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ABSTRACT: Clinical significance of autoantibodies to parietal cells (PCA) in patients with autoimmune thyroid diseases (ATD) remains contradictory. To characterize the frequency of PCA in patients with ATD; to clarify the role of gender and age in PCA positivity; to analyze the association of PCA with gastric or haematologic symptoms and with the levothyroxine dose required to achieve a serum TSH level within the normal range in treated Hashimoto's thyroiditis (HT) patients. PCA were measured using ELISA in 137 HT patients, divided into tree subgroups according to the thyroid function: group I included subjects with normal thyroid function; group II included patients with hypothyroidism, in group III were enrolled subjects treated with levothyroxine (LT4). We also studied the PCA positivity in 14 patients with active Graves' disease and in 23 healthy controls. PCA positivity was found in 51 patients with autoimmune thyroid diseases, with an overall prevalence of 33.8%. No significant differences in PCA were observed between the groups of HT patients. The frequency of PCA in both genders was similar and there were no difference depending on age. In 7.3% of HT patients in different stages of disease we found clinically relevant gastric and/or haematologic symptoms; in 70% of them PCA were positive (OR = 5.5; 95% CI: 1.2 - 28.4; p = 0.009). PCA positive hypothyroid HT patients required higher LT4 doses than PCA negative (1.46 microg/kg vs 1.24 microg/kg, p = 0.04). PCA may be present in different stages in HT patients; this does not depend on the severity of disease. PCA concentrations may predict symptoms of atrophic gastritis in patients with Hashimoto's thyroiditis. PCA positive HT patients require higher replacement doses of LT4. Presence of anemia, particularly microcytic anemia, was suggestive of undiagnosed atrophic gastritis.Folia medica 11/2013; 55(2):26-32. DOI:10.2478/folmed-2013-0014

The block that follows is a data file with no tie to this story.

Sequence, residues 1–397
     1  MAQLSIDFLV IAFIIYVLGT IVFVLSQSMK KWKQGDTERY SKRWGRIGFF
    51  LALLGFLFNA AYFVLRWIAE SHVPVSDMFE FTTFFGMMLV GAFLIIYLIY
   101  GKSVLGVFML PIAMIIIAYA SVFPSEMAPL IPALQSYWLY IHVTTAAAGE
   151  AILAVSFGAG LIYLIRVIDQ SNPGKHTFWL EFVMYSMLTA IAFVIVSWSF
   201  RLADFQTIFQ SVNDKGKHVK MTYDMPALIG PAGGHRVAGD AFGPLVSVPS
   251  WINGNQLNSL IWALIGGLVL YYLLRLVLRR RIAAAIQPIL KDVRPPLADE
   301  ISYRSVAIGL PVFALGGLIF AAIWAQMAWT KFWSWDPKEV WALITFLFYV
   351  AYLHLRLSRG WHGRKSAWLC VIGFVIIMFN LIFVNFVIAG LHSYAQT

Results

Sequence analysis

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ABSTRACT: It has been well defined that obesity is strongly linked with several respiratory symptoms and diseases, but no convincing evidence has been provided for chronic obstructive pulmonary disease (COPD). In the current study, we aim to assess the possible prevalence of obesity in patients with COPD in a cross-sectional case-control study of individuals from the region of Stara Zagora, Bulgaria, and to explore whether the body mass has some effect on the lung function of COPD patients. The study included 158 patients with COPD (Global Initiative for Chronic Obstructive Lung Disease (GOLD) II, III, and IV stages) and 123 individuals unaffected by the disease (control). A higher frequency of obesity compared to the controls (20.3%) was observed in patients with COPD (29.1%, p = 0.093), especially in those with GOLD II stage (37.7%, p = 0.009). Prevalence of obesity was highest in COPD GOLD II, followed by GOLD III and IV stages (p = 0.068). When diabetes was considered as confounding factor, we found a significant prevalence of obesity in COPD patients than the controls with diabetes (p = 0.031). Interestingly, there was a statistically significant moderate positive correlation between the body mass index and forced expiratory volume in one second as a percentage of predicted value in the whole patients' group (R = 0.295, p = 0.0002) as well as in the subgroups of GOLD II (R = 0.257, p = 0.024) and GOLD III COPD (R = 0.259, p = 0.031).The results of our study propose that the increased body mass, particularly obesity is frequent comorbidity to COPD, especially to less severe diseases. Moreover, the results suggest that the higher body weight may provide some protection against the impairment of lung functions in patients with stable COPD.Chronic Respiratory Disease 09/2013; 10(4). DOI:10.1177/1479972313504940